I love reading statistics, though, so I was thrilled that WordPress emailed me an overview of this blog’s stats for 2010. I won’t share them all with you, but I wanted to let you know my top posts from last year, in case you missed any of them.

Thanks to everyone who read and commented on them the first time around!

These are the posts and pages that got the most views in 2010.

1

What hits your hot button? September 2010

2

Describing how a man smells August 2010

3

Adopting a pseudonym after developing a social media presence October 2010

4

When did category romance get this good? June 2010

5

Writing in an accent that’s not yours September 2010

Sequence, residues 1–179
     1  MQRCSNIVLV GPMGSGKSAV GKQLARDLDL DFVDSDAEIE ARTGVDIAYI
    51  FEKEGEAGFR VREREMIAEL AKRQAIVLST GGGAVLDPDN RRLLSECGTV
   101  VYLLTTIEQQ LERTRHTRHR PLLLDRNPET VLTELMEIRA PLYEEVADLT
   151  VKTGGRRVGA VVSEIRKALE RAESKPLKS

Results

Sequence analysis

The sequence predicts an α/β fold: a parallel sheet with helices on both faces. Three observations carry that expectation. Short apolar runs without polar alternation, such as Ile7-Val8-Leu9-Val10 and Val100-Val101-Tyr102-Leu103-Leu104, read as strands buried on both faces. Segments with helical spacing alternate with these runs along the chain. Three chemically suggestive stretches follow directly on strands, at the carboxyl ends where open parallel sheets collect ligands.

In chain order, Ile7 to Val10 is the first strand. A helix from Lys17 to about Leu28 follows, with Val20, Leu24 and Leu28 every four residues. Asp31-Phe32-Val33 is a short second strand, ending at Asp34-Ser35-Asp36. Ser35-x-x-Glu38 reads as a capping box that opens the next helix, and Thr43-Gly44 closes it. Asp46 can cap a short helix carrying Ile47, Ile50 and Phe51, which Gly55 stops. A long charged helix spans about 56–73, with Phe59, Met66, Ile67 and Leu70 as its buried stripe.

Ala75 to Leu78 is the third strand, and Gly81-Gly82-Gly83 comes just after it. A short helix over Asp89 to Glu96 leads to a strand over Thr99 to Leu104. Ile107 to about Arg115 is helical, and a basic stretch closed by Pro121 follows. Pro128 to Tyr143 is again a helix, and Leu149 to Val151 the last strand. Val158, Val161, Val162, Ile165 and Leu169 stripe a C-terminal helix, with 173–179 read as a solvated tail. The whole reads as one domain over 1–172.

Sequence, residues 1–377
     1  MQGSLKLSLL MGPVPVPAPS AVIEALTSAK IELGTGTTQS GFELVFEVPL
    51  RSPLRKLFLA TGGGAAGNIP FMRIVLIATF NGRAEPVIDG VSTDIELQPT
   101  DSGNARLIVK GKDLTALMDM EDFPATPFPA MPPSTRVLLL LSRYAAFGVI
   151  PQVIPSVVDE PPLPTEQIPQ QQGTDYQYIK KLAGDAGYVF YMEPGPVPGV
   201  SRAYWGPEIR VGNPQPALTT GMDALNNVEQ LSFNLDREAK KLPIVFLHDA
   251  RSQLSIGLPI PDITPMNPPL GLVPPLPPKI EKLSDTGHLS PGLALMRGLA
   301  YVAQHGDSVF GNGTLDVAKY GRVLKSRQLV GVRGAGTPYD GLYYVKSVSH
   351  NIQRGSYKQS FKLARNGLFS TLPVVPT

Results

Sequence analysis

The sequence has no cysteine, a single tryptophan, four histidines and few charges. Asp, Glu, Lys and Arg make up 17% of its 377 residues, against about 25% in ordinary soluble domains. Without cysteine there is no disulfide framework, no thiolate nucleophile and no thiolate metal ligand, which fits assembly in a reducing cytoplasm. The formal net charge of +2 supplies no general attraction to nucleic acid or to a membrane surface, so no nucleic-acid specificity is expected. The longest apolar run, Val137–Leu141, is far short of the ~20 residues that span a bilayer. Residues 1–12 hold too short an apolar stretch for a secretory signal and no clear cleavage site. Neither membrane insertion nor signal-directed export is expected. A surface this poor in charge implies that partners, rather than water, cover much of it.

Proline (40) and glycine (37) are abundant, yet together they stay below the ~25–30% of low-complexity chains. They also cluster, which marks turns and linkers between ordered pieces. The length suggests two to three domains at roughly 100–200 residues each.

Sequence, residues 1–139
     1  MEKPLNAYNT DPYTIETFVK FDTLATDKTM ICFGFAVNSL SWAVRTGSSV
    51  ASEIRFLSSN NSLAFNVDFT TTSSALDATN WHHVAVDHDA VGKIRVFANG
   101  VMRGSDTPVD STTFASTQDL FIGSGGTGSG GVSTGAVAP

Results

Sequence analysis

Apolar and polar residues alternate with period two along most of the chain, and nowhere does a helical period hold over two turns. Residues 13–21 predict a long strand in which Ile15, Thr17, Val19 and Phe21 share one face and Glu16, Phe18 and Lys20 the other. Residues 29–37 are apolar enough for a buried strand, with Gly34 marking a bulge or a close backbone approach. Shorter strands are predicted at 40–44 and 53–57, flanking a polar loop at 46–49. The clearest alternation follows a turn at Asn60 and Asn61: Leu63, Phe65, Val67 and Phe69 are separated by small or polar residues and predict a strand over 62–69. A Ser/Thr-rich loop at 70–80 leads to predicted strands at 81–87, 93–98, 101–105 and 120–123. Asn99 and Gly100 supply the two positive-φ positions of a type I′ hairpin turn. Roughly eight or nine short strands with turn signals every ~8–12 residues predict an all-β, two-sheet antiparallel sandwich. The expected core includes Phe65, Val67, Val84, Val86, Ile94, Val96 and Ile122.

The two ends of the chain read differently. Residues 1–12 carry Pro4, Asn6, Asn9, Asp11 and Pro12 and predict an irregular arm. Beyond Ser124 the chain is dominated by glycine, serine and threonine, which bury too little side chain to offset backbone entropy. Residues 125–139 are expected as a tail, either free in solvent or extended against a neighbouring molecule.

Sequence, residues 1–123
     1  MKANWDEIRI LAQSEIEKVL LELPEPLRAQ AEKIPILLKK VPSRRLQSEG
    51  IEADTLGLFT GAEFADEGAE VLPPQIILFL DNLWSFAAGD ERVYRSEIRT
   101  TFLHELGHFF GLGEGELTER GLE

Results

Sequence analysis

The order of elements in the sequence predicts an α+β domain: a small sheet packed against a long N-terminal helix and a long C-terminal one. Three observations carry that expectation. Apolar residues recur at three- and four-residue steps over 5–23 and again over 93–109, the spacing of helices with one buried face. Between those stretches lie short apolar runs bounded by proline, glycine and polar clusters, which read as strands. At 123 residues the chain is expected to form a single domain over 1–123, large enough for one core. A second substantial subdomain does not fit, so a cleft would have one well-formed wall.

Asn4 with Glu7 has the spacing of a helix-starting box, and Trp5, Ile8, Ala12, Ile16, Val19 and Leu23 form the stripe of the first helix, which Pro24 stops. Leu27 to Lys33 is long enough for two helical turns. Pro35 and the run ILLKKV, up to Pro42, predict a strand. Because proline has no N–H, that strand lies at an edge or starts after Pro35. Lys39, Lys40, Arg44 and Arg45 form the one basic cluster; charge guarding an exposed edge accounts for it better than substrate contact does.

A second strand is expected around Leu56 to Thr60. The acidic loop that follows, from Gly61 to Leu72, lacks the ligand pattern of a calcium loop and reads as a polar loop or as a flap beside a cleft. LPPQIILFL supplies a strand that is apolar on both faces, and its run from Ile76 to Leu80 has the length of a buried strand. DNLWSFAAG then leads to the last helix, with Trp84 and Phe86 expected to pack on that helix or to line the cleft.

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I’m not repetitive, but…

You know those people who start a sentence with “I’m not racist, but…” and then go on to say something so horrific it leaves you lost for words?

Well, I’m not repetitive, but…

Last week I became a member of Savvy Authors and they’ve got a tool called the Auto Critter. It’s like Microsoft Word’s ‘find’ function but shedloads better. You paste in a passage (or even a full manuscript) and it counts how many times you use certain words that are often overused.

One of my worst offenders is ‘just’. It’s on just about every page, and it’s just so hard to stop using it. I pasted in my first chapter, and Auto Critter told me I’ve used ‘just’ 13 times…in eight pages. Ouch.

What’s better, it highlights all these overused words so you can see whether your use of the word is just…ified.

Sorry. I just couldn’t help myself.

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When you can’t afford to go to RWA Nationals